What Happens if I Share Legal Custody of a Child and We Don’t Agree on Sending Our Child Back to School?

What Happens if I Share Legal Custody of a Child and We Don’t Agree on Sending Our Child Back to School?

Tips for Co-Parenting after Divorce

TThe COVID-19 pandemic has changed the way every single one of us lives our lives. Unfortunately, this change is largely for the worse, and we are left grappling with drastically shifted schedules, widespread unemployment, and, of course, physical illness at every turn. Fortunately, now, the virus does seem to be letting up at least to some degree, and in certain states, New York and New Jersey being two of them. As a result, many schools are making plans to reopen, at least partially in the fall. Of course, this has been met with a wide range of responses. For many parents, children returning to school is welcome news. However, on the other hand, many parents are very worried about their children’s safety and would prefer that they not return to school as of yet.

This is a very complicated issue, and if you are a divorced co-parent who shares legal custody, it may be even more complicated if you or your former spouse believes your child should return to school and the other does not. If you are currently in this situation or a similar one, you are most likely wondering what the best way forward is. While, of course, simply talking with your former spouse, and your child, until you all reach an agreement is ideal, this is not always possible. In this case, it is best you reach out to an experineced Bergen County family law mediator who can assist you and your former spouse in making this critical decision.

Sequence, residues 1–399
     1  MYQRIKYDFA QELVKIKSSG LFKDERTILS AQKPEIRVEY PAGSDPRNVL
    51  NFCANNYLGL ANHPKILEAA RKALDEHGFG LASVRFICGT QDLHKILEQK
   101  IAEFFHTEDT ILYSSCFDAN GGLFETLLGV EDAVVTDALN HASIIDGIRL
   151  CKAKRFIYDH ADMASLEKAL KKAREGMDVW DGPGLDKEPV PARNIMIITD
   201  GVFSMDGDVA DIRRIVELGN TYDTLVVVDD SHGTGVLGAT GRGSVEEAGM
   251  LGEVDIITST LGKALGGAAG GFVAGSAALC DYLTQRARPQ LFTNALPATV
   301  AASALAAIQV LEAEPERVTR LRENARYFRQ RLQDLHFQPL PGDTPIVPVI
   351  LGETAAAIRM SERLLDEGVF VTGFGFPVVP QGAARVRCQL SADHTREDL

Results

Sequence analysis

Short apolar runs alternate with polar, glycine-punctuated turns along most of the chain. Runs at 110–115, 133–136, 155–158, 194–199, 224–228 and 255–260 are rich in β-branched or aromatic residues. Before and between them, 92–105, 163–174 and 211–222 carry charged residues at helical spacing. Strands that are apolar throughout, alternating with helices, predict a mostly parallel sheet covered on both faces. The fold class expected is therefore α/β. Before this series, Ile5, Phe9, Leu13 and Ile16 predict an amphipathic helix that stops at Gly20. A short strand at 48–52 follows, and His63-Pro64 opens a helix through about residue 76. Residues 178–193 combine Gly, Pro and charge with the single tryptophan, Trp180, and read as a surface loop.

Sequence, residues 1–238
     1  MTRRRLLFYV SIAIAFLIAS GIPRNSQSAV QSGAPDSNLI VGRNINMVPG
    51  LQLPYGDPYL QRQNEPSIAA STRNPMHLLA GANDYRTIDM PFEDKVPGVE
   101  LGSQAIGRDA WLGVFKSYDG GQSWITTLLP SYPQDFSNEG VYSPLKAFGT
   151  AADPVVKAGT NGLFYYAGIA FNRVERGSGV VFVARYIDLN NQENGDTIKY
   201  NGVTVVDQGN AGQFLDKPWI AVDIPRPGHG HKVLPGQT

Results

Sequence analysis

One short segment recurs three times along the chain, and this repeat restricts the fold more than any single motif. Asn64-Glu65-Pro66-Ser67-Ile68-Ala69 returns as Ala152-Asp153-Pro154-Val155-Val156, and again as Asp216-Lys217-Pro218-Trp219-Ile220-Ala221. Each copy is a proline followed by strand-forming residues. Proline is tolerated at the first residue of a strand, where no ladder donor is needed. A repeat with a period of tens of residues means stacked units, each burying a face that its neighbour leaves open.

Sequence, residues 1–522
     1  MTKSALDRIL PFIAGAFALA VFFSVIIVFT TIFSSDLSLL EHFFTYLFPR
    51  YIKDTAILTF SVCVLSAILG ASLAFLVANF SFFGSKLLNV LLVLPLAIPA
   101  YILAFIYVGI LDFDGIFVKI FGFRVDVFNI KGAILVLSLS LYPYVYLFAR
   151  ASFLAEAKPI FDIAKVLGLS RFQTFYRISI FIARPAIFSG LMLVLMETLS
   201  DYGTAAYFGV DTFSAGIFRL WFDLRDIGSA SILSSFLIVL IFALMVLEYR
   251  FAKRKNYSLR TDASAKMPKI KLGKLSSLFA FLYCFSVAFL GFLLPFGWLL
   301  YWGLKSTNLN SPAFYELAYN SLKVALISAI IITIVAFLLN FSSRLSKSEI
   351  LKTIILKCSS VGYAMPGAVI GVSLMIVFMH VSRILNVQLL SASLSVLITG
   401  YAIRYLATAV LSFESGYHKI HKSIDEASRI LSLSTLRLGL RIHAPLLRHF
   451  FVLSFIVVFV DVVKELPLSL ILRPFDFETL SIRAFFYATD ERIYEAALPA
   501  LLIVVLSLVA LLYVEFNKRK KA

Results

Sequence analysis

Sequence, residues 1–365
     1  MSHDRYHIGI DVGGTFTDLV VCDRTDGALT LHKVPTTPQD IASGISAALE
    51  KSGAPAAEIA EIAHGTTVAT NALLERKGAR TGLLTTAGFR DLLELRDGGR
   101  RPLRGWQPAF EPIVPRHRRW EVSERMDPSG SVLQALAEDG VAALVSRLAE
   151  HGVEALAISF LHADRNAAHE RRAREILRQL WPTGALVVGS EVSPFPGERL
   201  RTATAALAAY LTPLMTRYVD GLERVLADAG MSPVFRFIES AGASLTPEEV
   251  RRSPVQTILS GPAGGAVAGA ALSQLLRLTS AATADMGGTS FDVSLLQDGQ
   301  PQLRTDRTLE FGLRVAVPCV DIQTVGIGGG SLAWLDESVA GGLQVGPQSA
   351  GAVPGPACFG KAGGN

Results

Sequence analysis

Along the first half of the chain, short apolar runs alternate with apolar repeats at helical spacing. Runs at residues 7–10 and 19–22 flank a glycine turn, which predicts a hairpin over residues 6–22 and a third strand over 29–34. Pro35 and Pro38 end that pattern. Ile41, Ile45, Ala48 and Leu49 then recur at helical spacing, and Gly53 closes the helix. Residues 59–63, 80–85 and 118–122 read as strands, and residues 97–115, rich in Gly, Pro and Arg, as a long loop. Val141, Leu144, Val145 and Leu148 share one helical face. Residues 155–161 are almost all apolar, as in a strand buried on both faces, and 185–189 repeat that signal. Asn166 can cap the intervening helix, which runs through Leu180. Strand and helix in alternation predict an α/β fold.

What does a mediator do?

Essentially, a mediator is a neutral, non-biased third-party whose job is to sit with both you and your former spouse and hear out both of your concerns and feelings about any given family law matter. In this case, you and your former spouse can explain why/why not you believe your child should return to school. A mediator will listen to both of your points, and from there, work to facilitate a productive conversation so you may reach a compromise of some sort. Oftentimes, this is the best way for former spouses to reach an agreement on any given matter, as they each feel as though their voices have been heard. Of course, this is also not always possible, and if you feel strongly enough, you can hire an attorney who can request a modification to your custody agreement with the courts. If you have any further questions, please do not hesitate to give us a call today. We are here to help.

Contact our experienced Bergen County firm

At Townsend, Tomaio & Newmark, our attorneys have extensive experience helping clients to understand and protect their legal rights before, during, and after the divorce process in towns across New Jersey and Bergen County, including Hackensack, Ridgewood, Paramus, Teaneck, and Fort Lee. To speak with our team of divorce lawyers today in a free and confidential consultation regarding your concerns about your divorce, please contact us online, or through our Hackensack, NJ office at (201) 397-1750.

Read Our Latest Blog Posts

  •  Cryptocurrency & Divorce | What You Need to Know
  •  What You Need to Know About Modifying Child Custody Terms in New Jersey
  •  What is a Civil Union Dissolution?